By ARNOLD WAYNE JONES | Life+Style Editor [email protected]

Veteran radio personality Rick Vanderslice returns to the broadcast airwaves with a new young partner and the same old passions

THE RICK & R.J. RADIO SHOW airs locally on 1360 AM Sundays, 11 a.m.–1 p.m. and streams on

It may be no accident that The Rick & R.J. Radio Show airs at 11 a.m. on Sundays — a traditional time in the U.S. for church services that provide you with comfort at the end of a long week, and strength to continue for another. Because for Rick Vanderslice and R.J. Jackson, the liberal-minded gay hosts of the program, their show is a sermon of sorts, both about looking back on the week that was and proselytizing about how to make the future better.

"I really like talk radio," says Vanderslice, a 30-year veteran on the radio scene. "I like conversation; I like live experiences. Jack Jett [whose show follows his] comes from performance art and he takes cues from an audience to know where he’s going. I wish we had audiences we could see, but radio is really theater of the imagination."

It doesn’t take a lot of imagination to parse Vanderslice’s point of view. He’s old school progressive, an aging hippy (he used to be in a folk band) who cut his teeth on radio because "I didn’t know I couldn’t do it." He floated between being a morning DJ on a soft rock station to hosting The Evening Talk Show on KERA, but never got to do exactly what he drove him.

"I was a morning drive personality, but I love to talk about healthcare policy or gay rights. At public radio, I did not get to be an opinion person. But politics is not a dirty word, though it has been dirtied. We let the elite class run things, whereas I just want to engage people to think rationally. We are not thinking rationally but emotionally. That’s why we vote for people like Sarah Palin."

HE SAID, HE SAID | Vanderslice, left, debates with his young co-host R.J. Jackson, right, on ‘The Rick and R.J. Radio Show,’ airing Sundays on 1360 AM. (Arnold Wayne Jones/Dallas Voice)

You just know it won’t take too long before Vanderslice gets around to Palin.

But if he sounds slightly like the Angry Young Man grown older and crotchetier, he insists he’s not. He uses his new radio program, in fact, to explore new avenues.

Vanderslice left KERA in 2002, and began doing a weekly Podcast from Buli Café. Then this spring, Jack Bishop, the station manager at Rational Radio and an old friend of Vanderslice, asked if he would do a weekend show.

"I said, "How can I make it different?’ R.J. had been a regular member of my Vanderslice Salon, and it seemed to fit. He’s young and not afraid of debate or disagreeing with me," Vanderslice says.

For his part, co-host R.J. Jackson is less inclined to sound doctrinaire about politics. Jackson arrives in the studio — about 30 seconds before going on air — in a white button-down with floral tie, his topcoat flouncing like a cape, unlit cigarette dangling between his fingers. He looks all of 17 years old (he’s 28); he might be Harry Potter without his wand, preparing to lecture the Muggles about their world with cynical incisiveness. He’s sharp and witty, and more than holds his own against his more experienced old-dog airwave mate.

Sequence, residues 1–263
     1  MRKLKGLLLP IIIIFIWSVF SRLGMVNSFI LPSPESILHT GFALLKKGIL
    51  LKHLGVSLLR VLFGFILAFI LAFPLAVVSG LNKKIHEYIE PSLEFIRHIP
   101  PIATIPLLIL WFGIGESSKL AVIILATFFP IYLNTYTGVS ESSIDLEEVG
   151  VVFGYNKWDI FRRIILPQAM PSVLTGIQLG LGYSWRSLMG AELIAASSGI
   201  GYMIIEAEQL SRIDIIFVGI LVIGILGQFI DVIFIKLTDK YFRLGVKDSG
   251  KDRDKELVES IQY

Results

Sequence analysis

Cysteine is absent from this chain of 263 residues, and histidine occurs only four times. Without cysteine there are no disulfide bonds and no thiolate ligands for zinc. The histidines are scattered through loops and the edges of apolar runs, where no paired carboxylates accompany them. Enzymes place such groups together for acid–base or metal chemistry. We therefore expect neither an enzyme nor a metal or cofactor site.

"It’s difficult to pigeonhole his generation," Vanderslice concedes. "He’s not a political person. I don’t think most people his age give a twit about that. The Obama election was an emotional thing for them, but they are not as idealistic as my ’60s generation. Because they are presented with all the platforms to see the chaos of the world, they are skeptical of people who are sure of the solutions. But some of his skepticism is healthy for me."

The dynamic has fed the dialogue and helped Vanderslice shape his views.

"I sometimes change my beliefs on air. R.J. comes up with a point I might not have considered. I like sometimes to say, ‘I give up, you’re right.’ You’re not there to be right; the main thing is to entertain people."

Not that it’s all about entertainment for Vanderslice. His curiosity, and his opinionated way of conveying some of his passions, are genuine. He proudly identifies himself a liberal (although, he smirks, "somebody took a vote and we’re supposed to call it progressive radio"), though he admits to frustration with labels. Vanderslice lived in Amsterdam for a while, and came to believe socialized medicine shouldn’t be such a divisive political issue.

"Cradle-to-grave healthcare is a liberal idea, but it should be a conservative idea. If you want to be a rich hyper-capitalist, having all the basic needs of a people met is a better environment," he opines. "Consideration usually leads to experimentation. Trying something out should never be held up as a negative. The open marketplace of ideas you’d think conservatives would rally around. That is their Achilles heel: The Palin wing of the Republican Party doesn’t want to have to defend their beliefs."

What Vanderslice calls the "bumper sticker political class" of Palin and friends is what most offends him; he wants people to be engaged, and wants his show to do it — even if it’s at his expense.

"I’m the old fart with Queer Liberaction, either Svengali pulling strings or a confirmed pedophile. I don’t give a shit. I invite people to call me a son of a bitch if I have to," he says. Just so long as people respond.

"The price of apathy is to be ruled by evil men," Vanderslice likes to quote. And he’s not yet ready to concede the evil men have won.


The Jack E Jett Show, which airs weekends on 1360 AM is movin’ on up … to Uptown. For the month of December, the talk show has created Radio ilume, which will air live from the new ilume mixed-used development along Cedar Springs.

This article appeared in the Dallas Voice print edition December 11, 2009.wifipirateсайты рекламы недвижимости